There is an argument that multiple ethical arguments can co-exist, that we can simultaneously ascribe to utilitarian and deontological ethical arguments for conservation. Certainly I would say I do this as an individual, even if it is sometimes awkward. However, the rub (as I see it) is that that adherence to these ethical frameworks is to some extent a social construct. Our ethics and world views are shapes by our experiences, relationships, and what we learn (and are told) about the world. This matters because, we can reinforce and legitimize certain ethical framings through the institutions of science and the pre-analytical frames science is built on.
Science holds a unique position in our societies. Scientific knowledge has legitimacy, and therefore power, because it is still seen as disinterested, observation of the world. However, here I would argue that science is built on a tradition of instrumentalization of the world. When science abstracts complex reality it has traditionally done so with the questions like “what causes this”, or “how does this effect that”. And indeed Utilitarianism itself comes out of the same tradition. Science and Utilitarianism share some of the same pre-analytical frames. So when traditional descriptive (describing states of the world), natural sciences evolves into normative (making judgements about states of the world) science, like conservation biology, it seems natural that it gravitates towards an instrumentalist (i.e. utilitarian) ethical framing, even if the individual scientists hold quite different personal ethical positions.
I would argue that because other ethical frameworks are not so amenable to instrumentalization, they do not receive the same legitimization through science. I believe this can lead to an, unintended, crowding out of other equally legitimate ethical framings for conservation science and sustainability science more generally. This crowding out is both in terms of dominant social and political discourses and ethical crowding where one ethical framework becomes the legitimate framing for judging states of the world. For example, the influential planetary boundaries discourse, is largely premised on and legitimizes an (aggregated) consequentialist ethical framing of sustainability. Ditto for the land sparing versus land sharing debate (with added assumptions about efficiency as an intrinsic good; food security as a technical rather than social problem; scientists as those responsible for defining how states of world should be judged etc, etc..).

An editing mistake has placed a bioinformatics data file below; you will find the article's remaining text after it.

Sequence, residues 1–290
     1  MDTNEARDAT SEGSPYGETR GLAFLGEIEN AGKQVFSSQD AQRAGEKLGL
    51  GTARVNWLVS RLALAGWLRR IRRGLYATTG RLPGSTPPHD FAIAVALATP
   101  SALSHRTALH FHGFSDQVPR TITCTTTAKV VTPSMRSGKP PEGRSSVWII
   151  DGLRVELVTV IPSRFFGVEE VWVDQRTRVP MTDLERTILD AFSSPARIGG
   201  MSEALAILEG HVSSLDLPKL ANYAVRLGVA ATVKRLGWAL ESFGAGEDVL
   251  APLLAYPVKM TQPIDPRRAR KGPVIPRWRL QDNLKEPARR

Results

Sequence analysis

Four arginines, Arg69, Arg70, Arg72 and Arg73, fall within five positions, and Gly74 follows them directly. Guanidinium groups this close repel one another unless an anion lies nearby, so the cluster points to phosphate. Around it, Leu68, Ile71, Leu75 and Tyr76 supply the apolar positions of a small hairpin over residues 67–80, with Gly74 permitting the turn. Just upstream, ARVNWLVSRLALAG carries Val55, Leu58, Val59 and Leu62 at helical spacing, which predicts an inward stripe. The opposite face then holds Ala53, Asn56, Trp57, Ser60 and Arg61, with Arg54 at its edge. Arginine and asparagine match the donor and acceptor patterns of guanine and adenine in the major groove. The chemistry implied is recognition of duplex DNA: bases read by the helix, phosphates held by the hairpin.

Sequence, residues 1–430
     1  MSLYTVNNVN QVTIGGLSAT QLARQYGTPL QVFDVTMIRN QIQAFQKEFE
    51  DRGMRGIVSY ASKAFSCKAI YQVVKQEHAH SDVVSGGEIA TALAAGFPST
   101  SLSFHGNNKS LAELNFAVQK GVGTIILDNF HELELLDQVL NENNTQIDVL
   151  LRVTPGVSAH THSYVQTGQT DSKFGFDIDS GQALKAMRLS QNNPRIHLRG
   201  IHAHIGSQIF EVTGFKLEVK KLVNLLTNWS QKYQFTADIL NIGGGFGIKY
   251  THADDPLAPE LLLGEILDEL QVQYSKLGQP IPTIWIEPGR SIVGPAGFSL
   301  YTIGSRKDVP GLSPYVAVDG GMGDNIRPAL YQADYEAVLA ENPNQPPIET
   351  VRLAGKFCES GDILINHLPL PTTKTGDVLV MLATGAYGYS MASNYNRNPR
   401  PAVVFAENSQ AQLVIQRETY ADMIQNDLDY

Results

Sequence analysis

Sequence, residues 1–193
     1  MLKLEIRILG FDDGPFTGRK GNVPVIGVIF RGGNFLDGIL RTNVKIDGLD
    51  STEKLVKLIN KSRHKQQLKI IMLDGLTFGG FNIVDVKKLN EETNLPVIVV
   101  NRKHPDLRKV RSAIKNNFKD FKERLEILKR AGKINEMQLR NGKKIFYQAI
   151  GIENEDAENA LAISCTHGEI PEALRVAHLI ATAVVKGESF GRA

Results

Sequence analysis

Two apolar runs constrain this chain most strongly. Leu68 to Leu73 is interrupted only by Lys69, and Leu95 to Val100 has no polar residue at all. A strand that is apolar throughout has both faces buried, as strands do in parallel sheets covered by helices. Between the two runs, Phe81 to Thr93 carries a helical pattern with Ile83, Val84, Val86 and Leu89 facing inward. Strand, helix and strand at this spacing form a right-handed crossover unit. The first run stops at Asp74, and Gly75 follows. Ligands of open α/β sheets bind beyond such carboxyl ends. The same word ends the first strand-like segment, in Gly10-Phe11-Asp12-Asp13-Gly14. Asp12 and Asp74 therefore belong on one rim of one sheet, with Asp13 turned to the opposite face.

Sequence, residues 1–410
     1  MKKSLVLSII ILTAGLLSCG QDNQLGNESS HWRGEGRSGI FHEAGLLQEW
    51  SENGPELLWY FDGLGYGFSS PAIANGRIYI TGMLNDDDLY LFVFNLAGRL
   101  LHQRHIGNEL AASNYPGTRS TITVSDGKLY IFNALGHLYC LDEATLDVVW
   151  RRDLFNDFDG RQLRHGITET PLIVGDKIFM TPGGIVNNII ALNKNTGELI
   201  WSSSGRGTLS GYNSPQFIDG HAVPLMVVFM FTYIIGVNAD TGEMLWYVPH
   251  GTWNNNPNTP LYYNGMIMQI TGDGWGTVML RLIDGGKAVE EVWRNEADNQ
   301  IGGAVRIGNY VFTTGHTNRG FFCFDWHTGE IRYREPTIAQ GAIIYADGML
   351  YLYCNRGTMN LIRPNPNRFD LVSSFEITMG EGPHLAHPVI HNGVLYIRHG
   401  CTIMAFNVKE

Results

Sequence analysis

So, what does these all mean (other than rehash of an old, possibly tired, debate)? Well for me it suggests that we need to think more about the scientific models we create. We should be mindful of the pre-analytic frames our models are the based on, and what discourse and values these in turn legitimize. I know there are thoughtful, erudite debates on these issues in the literature, but these ‘academic’ debates seem very isolated from the ‘sharp end’ of conservation and sustainability science.
As scientists not just our models of the world, but also our methods and metrics shaped by these value laden pre-analytical frames. Here Shannon diversity is not a million miles from $ per hectare in terms of the strength of the worldview that shapes that measure. Not that that there is anything wrong with those methods, metrics, or models (I thought I might not be able to slip an alliteration in here but that is quite smooth!), their normativity is unavoidable. For me it is crucially that if our science makes judgements about states of the world, in however an abstract of unattended way, it behoves us to make the basis for those pre-analytical judgments as transparent as we do the methods by which we do our science. A discussion of these, to me, fundamentally important issues seems puzzlingly missing from ‘every day science’.
As always I would be very interested in others’ opinions.